The Square Stock Price Will Continue to Forfeit Early Gains

The Square stock price opened on the NYSE Nov. 19 at $11.20 and closed at $13.07, offering investors a profitable first day of trading.

For investors able to get in on the $9 IPO offering, the Square stock price provided 45.2% gains on the first trading day. That's impressive considering the average first-day gain of 2015 IPOs was 14% before SQ debuted.

woman-with-newspaperThe IPO launch was successful, and Square just received an infusion of $36 million. Yesterday, the underwriters for the SQ offering exercised overallotment options and bought an extra 4.05 million shares at the IPO price of $9, according to Forbes.

Current shareholders also have good news to look forward to with a collaboration between Square and Apple Inc. (Nasdaq: AAPL). Square's new card reader will accept Apple Pay and is available for pre-order. It will ship in early 2016, according to TechCrunch.

The Square stock price was up between 1.50% to 2% in early morning trading today, reflecting the recent positive Square news.

But investors shouldn't let the most recent Square Inc. (NYSE: SQ) news overshadow the bigger picture...

There's a very serious issue that Square has yet to address. In fact, Square gave investors a clear warning why they shouldn't even invest in SQ stock in the first place.

Here is Square's warning to investors in its IPO filing...

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The Square Stock Price Is Excessively Overvalued

The information in Square's IPO filing offered a few important words of warning for potential investors.

"Our business has generated net losses, and we intend to continue to invest substantially in our business," the Square IPO filing said. "Thus, we may not achieve or maintain profitability."

Square not achieving profitability is one thing, but the anticipation around the IPO may have caused early investors to completely disregard Square's massive losses.

Since 2012, Square saw its losses increase by 80.75%. Here are Square's net losses since 2012:

  • 2012: $85.2 million
  • 2013: $104.5 million
  • 2014: $154 million

When defending Square, some investors like to point to out that Inc. (Nasdaq: AMZN) wasn't profitable when it went public on May 15, 1997. In fact, Amazon didn't expect to make profits for up to five years after it was publicly traded.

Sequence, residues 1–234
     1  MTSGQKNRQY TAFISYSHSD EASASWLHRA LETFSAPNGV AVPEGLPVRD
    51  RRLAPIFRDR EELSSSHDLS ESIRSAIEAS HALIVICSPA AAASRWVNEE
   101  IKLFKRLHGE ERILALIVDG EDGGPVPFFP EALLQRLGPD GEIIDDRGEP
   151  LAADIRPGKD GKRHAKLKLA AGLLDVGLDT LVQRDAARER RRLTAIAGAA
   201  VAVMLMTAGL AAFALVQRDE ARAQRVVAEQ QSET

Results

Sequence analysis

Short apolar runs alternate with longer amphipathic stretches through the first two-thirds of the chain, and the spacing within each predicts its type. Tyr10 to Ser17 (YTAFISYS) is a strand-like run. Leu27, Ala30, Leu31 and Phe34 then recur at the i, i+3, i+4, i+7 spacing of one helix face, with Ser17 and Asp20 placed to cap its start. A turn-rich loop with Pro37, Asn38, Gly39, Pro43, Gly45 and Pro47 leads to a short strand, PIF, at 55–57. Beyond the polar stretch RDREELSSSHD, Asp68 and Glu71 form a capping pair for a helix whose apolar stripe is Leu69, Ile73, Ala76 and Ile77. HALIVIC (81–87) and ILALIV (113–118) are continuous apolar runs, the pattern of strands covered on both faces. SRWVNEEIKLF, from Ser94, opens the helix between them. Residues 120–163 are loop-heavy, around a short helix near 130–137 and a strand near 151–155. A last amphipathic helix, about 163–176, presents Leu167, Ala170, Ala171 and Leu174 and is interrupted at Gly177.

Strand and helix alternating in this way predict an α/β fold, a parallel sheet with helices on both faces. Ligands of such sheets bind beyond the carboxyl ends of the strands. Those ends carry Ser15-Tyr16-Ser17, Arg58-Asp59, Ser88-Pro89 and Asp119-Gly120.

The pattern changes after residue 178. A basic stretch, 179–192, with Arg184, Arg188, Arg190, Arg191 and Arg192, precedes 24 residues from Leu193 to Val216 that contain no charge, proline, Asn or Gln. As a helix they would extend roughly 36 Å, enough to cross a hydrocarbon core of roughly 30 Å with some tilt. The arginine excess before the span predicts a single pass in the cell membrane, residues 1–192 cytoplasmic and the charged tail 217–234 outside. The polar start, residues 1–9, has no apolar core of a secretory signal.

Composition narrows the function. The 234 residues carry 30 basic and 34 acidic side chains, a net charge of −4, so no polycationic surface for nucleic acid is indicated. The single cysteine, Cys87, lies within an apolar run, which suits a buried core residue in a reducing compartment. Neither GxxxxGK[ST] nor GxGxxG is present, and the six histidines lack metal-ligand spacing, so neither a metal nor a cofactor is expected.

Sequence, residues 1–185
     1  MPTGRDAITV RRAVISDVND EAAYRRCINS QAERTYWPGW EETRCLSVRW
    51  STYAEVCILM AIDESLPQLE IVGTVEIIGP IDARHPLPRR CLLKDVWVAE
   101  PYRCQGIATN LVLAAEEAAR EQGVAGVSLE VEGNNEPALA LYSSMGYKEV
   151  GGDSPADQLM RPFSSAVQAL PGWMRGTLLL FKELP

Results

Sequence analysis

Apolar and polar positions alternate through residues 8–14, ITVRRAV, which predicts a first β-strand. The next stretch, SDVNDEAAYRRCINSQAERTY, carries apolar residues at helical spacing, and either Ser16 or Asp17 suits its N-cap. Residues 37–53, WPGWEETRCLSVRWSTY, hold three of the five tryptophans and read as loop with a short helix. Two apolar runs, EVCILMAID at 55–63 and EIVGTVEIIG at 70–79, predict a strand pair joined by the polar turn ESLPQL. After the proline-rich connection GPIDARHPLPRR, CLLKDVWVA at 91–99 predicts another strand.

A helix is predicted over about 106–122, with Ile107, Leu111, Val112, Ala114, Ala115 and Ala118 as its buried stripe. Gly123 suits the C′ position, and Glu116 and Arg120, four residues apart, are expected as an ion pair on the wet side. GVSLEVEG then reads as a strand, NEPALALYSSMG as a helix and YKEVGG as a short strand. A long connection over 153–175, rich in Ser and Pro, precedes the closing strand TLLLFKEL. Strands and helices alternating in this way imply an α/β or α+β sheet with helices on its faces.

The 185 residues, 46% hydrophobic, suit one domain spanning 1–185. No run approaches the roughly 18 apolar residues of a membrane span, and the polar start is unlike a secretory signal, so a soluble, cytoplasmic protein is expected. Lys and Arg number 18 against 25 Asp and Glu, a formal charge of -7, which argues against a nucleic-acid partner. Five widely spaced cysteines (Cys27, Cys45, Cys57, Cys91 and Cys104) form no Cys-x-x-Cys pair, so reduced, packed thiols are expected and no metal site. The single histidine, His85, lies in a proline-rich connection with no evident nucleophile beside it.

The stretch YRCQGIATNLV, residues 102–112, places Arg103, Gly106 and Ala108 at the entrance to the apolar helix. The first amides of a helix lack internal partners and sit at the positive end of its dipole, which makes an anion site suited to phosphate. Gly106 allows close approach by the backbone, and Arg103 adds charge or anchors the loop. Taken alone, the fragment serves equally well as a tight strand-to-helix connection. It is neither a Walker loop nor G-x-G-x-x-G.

But there's one key difference between Amazon and Square; Amazon's business model allowed the company to have massive scalability.

After starting off as a simple bookseller, Amazon now builds its own tablets, offers a streaming video service, and has a home grocery delivery service. Square doesn't have that scalability and will be confined to the mobile payment processing industry.

Another unpleasant reality Square shareholders have to deal with is CEO Jack Dorsey running two companies simultaneously.

Elon Musk and Steve Jobs may be success stories when it comes to dual-CEO roles, but Dorsey isn't running a company with strong fundamentals. He has to completely turn around the sluggish Twitter Inc. (NYSE: TWTR) stock, which has fallen below its IPO price of $26 per share several times in the last year.

In fact, the Square IPO filing also warned investors that Dorsey is a risk factor for Square. "This may at times adversely affect [Dorsey's] ability to devote time, attention, and effort to Square," the filing said.

The initial IPO hype drove up the Square stock price, but it will come crashing down unless the company finds a way to reach profitability.

That's why Money Morning provided a three-step guide to investing in Square stock that you need to read now...

Jack Delaney is an associate editor for Money Morning. You can follow him on Twitter and follow Money Morning on Facebook.